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  1. #1
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    Default An interesting experience with an Autistic boy- would you tell his mother?

    I have had two early losses that i havent shared with anyone except hubby and my mum.

    With the second loss, just a day after a pregnancy test confirmed the pregnancy .. my hubbys autistic 8 year old nephew who doesnt speak and rarely interacts with people unless he wants something.. came up to me, put his hands on my stomach and said baby.. like he was trying to tell me.. He then pulled my husband by the sleeve pointing at my stomach.

    Luckly... everyone was busy and nobody noticed this little event but me.

    Remember this boy doesnt speak and doesnt come up to adults for interaction unless he wants food or for you to do something for him.

    Would you tell the mother if you were me?

    Has anyone had or heard of a similar experience ?

  2. #2
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    I just wanted to add that this experience has made me feel good... it helped me cope... like my rainbow baby is lurking around and waiting. To me it didnt feel like a coincidence .

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    That's amazing, I'd tell his parents in a heart beat!

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    I would tell his mother

    I have an ASD child myself and it's always a buzz when your child does something positively unexpected.

    I also have a friend with a non-verbal ASD daughter. Last year she was filming her DD riding a scooter and she captured her speaking a short sentence and used the word 'mummy'. Although she is still not speaking, it gave her hope that one day her daughter will be able to verbally communicate.

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    I would tell her too. I have two autistic sons.
    It's interesting how they have a 6th sense.
    My sons have done things like this a lot. Not usually lovely important things like that but yes know things are about to happen etc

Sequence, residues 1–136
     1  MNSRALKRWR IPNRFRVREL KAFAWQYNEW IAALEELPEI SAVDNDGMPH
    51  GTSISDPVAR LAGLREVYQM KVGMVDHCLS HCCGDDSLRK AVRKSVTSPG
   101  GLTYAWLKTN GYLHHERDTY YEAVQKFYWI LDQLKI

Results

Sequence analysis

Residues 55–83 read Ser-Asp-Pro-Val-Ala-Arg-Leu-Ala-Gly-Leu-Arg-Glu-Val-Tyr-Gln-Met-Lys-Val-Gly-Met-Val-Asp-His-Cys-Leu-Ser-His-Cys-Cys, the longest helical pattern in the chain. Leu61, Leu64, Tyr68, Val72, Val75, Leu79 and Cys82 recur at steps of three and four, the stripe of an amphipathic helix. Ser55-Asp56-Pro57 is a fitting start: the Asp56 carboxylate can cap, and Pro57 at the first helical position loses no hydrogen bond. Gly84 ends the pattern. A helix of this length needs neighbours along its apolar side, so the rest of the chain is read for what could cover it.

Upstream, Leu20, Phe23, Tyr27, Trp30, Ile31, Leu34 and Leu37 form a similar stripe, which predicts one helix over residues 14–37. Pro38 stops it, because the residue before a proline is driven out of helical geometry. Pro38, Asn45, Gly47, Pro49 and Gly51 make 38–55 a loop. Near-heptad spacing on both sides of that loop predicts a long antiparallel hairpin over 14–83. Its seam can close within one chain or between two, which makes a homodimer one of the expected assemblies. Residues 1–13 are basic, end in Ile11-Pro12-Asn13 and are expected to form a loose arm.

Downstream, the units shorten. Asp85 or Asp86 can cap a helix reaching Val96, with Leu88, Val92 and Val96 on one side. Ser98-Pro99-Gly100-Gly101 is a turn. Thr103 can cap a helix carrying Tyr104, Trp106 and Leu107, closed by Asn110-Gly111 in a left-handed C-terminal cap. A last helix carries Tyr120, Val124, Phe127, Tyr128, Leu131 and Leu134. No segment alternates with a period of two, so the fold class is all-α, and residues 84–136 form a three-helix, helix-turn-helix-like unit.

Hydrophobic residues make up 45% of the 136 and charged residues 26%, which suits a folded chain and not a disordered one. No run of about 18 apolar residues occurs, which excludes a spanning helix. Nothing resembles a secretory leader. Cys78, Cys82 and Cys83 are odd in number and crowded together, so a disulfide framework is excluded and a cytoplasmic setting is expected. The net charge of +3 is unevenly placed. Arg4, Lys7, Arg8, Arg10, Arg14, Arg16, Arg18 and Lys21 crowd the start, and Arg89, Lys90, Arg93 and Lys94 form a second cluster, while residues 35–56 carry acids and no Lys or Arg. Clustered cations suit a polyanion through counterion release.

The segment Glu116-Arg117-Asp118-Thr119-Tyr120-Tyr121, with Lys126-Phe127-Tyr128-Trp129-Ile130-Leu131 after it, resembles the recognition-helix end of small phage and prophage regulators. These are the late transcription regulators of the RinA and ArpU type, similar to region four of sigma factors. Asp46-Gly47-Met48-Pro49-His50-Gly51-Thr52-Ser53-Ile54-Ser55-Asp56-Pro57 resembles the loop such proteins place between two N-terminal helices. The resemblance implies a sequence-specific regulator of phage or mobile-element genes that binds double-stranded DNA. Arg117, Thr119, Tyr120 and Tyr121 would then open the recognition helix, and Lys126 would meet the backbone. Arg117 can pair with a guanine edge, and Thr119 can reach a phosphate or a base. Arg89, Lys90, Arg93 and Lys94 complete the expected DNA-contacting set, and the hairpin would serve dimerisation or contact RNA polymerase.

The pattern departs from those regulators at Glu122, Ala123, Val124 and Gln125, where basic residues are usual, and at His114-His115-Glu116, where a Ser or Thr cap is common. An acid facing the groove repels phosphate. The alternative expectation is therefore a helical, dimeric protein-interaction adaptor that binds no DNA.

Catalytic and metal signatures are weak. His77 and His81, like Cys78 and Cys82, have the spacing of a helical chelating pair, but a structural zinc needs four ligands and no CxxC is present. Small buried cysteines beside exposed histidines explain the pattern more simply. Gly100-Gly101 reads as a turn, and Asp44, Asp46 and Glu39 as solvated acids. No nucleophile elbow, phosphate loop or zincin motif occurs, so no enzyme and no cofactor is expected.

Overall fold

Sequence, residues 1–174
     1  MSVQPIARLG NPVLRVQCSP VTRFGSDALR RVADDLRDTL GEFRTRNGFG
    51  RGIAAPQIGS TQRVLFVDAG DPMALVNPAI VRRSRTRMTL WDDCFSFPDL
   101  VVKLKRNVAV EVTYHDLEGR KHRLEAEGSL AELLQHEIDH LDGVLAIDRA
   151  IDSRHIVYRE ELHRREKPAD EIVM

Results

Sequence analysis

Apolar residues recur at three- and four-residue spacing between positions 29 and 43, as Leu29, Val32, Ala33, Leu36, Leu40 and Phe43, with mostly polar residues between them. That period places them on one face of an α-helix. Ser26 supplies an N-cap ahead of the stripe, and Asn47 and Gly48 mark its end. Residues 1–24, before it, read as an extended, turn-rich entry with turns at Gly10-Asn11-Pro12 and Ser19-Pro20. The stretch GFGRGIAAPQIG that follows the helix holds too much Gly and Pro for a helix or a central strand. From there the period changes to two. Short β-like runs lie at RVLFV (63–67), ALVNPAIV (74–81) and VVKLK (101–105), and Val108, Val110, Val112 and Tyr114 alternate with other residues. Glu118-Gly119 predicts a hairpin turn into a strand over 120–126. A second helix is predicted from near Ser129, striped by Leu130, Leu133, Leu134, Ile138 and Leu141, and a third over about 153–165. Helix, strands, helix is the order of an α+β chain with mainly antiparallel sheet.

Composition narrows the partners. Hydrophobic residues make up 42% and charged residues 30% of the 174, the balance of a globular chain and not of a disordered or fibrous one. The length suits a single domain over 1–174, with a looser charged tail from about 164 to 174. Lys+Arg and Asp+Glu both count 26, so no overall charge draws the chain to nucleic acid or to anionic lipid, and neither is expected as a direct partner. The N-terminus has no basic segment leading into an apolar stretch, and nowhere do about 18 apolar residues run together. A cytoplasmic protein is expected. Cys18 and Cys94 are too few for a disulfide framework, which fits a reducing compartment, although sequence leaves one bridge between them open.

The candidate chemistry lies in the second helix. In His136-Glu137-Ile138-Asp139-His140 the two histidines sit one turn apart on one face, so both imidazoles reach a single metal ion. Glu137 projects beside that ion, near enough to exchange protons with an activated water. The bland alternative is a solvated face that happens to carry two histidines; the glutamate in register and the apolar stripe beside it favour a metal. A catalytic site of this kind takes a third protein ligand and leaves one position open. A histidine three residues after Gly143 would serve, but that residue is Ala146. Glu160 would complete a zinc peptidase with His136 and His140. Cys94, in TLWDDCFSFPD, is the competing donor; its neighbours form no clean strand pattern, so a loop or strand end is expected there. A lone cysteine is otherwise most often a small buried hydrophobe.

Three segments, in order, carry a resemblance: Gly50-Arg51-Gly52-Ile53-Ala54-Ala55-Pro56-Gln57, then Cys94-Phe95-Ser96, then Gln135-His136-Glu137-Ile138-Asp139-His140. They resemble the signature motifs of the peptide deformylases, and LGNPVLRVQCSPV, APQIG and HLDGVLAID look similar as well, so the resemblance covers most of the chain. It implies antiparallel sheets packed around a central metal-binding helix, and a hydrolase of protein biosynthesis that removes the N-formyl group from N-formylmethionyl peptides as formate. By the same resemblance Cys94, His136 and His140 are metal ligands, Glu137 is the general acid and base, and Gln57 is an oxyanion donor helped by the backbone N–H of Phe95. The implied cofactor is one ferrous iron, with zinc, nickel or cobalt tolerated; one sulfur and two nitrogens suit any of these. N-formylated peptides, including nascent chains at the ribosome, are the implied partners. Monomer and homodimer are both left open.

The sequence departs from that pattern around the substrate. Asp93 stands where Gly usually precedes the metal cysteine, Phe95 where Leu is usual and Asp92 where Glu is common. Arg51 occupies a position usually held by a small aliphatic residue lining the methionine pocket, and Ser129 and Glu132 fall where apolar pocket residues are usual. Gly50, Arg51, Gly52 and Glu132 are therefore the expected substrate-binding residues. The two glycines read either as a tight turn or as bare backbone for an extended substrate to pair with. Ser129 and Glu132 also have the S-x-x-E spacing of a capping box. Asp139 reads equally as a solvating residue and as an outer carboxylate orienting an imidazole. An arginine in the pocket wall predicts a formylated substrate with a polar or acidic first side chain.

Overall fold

6. #6
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    yep I would tell her

    how amazing

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    I would tell her, I think she would be tickled pink, especially given your positive reaction to this.

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    Sorry about your loss op. I would definitely tell her. Having a child on the spectrum can be bloody hard. Asd kids often pick up things that neurotipical miss.
    A beautiful moment like this can mean so much when there is often so much negative a positive like this might just what she needs to brighten her day.

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    I am a speechie and several years ago i attended a volunteer camp for children with significant impairments.

    There was a 6 yr old boy there who had suffered brain damage due to a birth injury. He was non verbal, deaf, paralysed from the waist down and had frequent seizures. I was working with him one morning when he appeared to be reaching for his drink bottle on the table. I happened to have an ipad filming the therapy session at the time. I later showed his mum to ask if he often communicated non verbally like that. The look on her face when she saw that one action is something i will take to my grave. She was blown away. She was so emotional she cried and watched it repeatedly. Over and over. She called her parents in Ireland to let them know. We saw him do it other times at the camp so it wasnt a one off. But that one simple gesture that most parents would think nothing of at all meant the absolute world to her.

    So, yes i think you should tell her

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